It seems that it is necessary to back up the trains on the urban renewal district debate. Since writing about the issue a couple of weeks ago, I’ve received a couple of letters to the editor and a couple of posts at my blog. The responses have been largely arguments against urban renewal districts, that Kuna just shouldn’t even go there.
I feel this is an important and good debate, and I think it’s good to step back and discuss the merits and drawbacks of urban renewal to see if there’s some sort of middle ground (time limits on frozen values, who is elected to run the district, limits on indebtedness, etc.)
Properties within an urban renewal district still pay taxes to pay for services up to a “frozen” amount, the amount at the time of the formation of the district. Property owners still pay money to the library district, the fire district, the cemetery district, etc.
Without urban renewal, though, you’re probably just going to see stagnation of property values and even worse, a decline in property values, which would provide less property tax revenue for everyone. Property owners, particularly in historic downtowns, need more help because the buildings are older, infrastructure is older, existing sidewalks need to be upgraded and widened, aging facades need to be improved, parking lots need to be carved out of existing developed spaces — all problems that new buildings don’t face.
Everyone benefits from an urban renewal district because it improves a city’s core, its identity, attracting other businesses and investors and bringing residents down to the rehabilitated area. With more businesses, the tax burden is eased on everyone.
The reality is that time and again, when a city does nothing, what has happened across the country is that these downtowns deteriorate and become a blight and a drag on the entire community. The record is rife with American cities that let their historic downtowns deteriorate only to come back years later to try to rehabilitate them.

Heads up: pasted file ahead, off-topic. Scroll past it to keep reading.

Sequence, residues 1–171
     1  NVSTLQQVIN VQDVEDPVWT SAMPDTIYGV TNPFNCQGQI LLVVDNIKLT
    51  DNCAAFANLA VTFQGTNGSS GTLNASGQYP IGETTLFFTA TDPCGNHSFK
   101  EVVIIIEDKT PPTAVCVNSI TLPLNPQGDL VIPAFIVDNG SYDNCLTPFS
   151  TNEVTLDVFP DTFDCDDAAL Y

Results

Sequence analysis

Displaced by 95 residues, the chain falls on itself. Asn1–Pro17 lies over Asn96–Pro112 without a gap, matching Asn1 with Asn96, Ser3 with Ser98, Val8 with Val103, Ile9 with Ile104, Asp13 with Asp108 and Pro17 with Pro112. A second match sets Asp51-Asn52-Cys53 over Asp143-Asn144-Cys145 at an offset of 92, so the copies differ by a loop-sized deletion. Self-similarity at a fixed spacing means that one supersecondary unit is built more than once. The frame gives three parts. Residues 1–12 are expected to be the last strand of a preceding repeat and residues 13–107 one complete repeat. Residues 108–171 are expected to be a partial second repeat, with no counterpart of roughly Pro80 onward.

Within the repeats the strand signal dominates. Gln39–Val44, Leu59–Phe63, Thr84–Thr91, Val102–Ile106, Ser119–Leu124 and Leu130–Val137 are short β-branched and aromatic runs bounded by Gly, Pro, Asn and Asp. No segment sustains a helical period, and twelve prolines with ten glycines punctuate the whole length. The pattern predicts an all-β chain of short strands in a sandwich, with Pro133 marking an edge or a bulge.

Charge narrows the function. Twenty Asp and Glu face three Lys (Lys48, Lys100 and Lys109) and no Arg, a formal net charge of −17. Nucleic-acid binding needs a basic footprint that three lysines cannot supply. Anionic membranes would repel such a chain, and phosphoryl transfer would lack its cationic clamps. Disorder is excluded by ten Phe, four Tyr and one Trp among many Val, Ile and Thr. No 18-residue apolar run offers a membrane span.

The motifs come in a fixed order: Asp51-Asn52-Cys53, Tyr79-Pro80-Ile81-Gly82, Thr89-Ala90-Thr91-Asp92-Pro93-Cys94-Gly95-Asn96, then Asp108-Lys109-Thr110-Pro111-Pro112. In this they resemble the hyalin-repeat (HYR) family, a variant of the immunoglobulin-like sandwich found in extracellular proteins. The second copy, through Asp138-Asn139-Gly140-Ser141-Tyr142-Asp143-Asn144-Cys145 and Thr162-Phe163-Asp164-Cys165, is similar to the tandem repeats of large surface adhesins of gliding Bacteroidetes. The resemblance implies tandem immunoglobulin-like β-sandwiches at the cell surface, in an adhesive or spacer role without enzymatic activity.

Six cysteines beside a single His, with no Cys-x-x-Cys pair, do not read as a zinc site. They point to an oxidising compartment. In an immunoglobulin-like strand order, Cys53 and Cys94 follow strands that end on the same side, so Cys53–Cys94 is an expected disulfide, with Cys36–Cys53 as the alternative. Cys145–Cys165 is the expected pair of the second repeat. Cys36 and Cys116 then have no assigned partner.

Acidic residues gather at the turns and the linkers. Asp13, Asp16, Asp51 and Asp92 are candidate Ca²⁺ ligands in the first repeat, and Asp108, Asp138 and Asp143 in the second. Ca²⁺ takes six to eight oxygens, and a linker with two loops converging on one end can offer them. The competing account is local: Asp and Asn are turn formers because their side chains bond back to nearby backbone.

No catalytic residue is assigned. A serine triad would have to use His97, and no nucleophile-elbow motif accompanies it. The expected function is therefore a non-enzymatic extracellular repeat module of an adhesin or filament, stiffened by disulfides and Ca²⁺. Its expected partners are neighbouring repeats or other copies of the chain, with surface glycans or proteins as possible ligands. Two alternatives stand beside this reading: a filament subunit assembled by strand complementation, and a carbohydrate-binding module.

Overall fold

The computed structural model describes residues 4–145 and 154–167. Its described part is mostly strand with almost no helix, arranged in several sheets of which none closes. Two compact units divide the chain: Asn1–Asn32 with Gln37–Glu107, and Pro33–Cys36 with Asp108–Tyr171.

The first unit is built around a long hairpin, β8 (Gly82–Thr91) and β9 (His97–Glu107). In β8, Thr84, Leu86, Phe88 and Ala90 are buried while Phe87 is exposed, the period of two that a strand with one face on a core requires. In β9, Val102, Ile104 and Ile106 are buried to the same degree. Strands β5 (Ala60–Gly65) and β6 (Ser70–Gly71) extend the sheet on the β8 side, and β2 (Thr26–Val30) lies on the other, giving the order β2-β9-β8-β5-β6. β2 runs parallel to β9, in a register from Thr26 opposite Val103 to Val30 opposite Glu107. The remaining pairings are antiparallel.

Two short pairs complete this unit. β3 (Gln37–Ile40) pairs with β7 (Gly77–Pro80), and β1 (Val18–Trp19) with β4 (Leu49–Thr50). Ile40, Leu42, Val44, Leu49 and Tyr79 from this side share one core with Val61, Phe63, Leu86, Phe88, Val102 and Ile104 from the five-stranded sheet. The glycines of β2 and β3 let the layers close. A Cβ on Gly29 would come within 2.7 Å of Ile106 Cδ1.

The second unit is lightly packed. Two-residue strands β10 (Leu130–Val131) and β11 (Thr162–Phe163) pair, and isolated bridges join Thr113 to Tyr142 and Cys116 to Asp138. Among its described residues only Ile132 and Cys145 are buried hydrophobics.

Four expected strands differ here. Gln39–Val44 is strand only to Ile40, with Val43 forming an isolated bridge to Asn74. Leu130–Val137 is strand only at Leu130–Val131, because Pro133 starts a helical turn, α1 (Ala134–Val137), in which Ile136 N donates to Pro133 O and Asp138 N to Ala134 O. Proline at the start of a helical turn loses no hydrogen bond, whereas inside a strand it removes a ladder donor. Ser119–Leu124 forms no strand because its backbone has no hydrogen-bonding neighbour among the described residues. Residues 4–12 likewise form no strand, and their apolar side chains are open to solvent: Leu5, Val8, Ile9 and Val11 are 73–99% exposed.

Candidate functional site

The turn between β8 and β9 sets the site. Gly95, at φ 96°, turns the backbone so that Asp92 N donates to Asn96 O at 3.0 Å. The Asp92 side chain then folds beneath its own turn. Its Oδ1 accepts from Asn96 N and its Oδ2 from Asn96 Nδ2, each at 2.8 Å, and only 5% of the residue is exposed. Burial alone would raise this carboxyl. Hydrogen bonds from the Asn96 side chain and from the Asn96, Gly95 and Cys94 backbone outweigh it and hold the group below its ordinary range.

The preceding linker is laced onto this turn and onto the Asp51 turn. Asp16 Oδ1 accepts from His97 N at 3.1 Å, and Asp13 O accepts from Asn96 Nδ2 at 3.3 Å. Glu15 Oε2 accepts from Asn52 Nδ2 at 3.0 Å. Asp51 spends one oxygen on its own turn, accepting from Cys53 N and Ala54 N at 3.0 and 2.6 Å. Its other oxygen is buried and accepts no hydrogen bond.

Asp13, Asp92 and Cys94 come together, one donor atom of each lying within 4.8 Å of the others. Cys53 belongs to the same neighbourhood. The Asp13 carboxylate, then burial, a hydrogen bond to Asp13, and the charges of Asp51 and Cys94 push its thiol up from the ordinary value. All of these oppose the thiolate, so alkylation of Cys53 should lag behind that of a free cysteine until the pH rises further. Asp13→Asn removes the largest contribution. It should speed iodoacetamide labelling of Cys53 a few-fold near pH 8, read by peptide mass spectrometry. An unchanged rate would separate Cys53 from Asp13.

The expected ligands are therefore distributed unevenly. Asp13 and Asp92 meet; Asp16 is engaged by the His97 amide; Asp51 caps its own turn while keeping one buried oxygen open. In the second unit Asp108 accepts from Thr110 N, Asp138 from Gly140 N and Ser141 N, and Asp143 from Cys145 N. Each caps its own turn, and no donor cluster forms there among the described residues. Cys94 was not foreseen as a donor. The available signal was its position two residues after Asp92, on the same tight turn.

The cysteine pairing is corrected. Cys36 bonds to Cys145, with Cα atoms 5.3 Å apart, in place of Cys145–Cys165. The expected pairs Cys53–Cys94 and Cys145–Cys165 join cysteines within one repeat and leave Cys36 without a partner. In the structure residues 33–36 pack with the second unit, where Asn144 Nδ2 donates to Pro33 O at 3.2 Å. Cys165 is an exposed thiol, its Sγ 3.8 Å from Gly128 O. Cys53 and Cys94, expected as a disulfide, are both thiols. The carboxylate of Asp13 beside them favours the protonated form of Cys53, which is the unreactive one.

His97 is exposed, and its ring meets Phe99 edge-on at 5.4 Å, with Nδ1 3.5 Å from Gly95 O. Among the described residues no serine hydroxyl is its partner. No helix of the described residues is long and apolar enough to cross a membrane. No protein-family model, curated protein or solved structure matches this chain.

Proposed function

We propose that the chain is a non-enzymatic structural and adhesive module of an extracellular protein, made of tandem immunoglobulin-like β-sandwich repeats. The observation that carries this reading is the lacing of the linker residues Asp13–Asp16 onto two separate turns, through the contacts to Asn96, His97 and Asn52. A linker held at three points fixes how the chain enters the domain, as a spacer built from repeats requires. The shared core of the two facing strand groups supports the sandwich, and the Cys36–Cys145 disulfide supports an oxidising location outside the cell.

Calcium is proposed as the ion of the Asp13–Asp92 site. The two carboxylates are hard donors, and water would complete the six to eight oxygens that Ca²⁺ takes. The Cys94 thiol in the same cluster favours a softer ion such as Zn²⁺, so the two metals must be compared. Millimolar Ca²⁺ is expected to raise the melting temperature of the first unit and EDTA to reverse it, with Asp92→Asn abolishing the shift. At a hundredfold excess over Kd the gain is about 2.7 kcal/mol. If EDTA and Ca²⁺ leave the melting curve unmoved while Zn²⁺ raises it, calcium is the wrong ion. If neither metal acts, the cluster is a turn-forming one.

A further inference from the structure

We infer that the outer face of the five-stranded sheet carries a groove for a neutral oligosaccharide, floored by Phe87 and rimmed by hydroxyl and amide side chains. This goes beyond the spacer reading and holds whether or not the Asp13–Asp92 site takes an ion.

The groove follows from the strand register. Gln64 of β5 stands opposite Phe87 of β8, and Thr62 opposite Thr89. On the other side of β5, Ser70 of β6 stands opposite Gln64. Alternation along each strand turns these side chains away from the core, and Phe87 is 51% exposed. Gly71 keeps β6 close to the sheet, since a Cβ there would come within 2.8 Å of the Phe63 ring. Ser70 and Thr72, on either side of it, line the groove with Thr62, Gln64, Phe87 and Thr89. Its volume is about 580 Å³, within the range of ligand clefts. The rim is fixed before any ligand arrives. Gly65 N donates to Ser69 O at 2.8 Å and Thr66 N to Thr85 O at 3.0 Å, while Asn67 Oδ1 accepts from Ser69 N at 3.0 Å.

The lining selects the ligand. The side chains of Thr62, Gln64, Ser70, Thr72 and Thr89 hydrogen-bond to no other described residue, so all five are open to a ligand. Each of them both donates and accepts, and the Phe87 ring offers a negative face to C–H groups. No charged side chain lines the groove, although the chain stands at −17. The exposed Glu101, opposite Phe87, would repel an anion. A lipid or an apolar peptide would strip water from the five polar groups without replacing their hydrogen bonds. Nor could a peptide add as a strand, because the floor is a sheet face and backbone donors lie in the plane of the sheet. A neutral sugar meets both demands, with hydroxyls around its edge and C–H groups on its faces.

The reason the area along Kuna’s Main Street is unique is because these are historic structures that speak to Kuna’s history, which is its identity. A Walgreen’s or Outback Steakhouse, while providing vital services to residents, don’t really distinguish themselves as unique to Kuna. Further, because these are older buildings with older infrastructure, they need a little more help than a brand new building.
In addition, a major problem we have here in Kuna is one of perception. Downtown is not just a bunch of bars. In downtown, we have a gift shop, an ice cream shop, a coffee shop, a hardware store, a couple of thrift stores, a consignment shop, convenience stores and gas stations, a post office, a community hall, as well as service offices, such as a newspaper, investment adviser, dog grooming, insurance, accountant.
But make no mistake, bars and restaurants are a major draw to bring people downtown. They are the foundation upon which you get people downtown, walking around, visiting, browsing, window-shopping, which leads to other businesses moving downtown. The historic downtown is the only place that can provide a unique experience that tells people, “You are in Kuna.”
Finally, what alternative is there? If the city does nothing, the historic downtown will continue to deteriorate, businesses will continue to flee downtown and move into nondescript strip malls scattered here and there, and the downtown buildings will become vacant shells that are a blight on our city. Then what?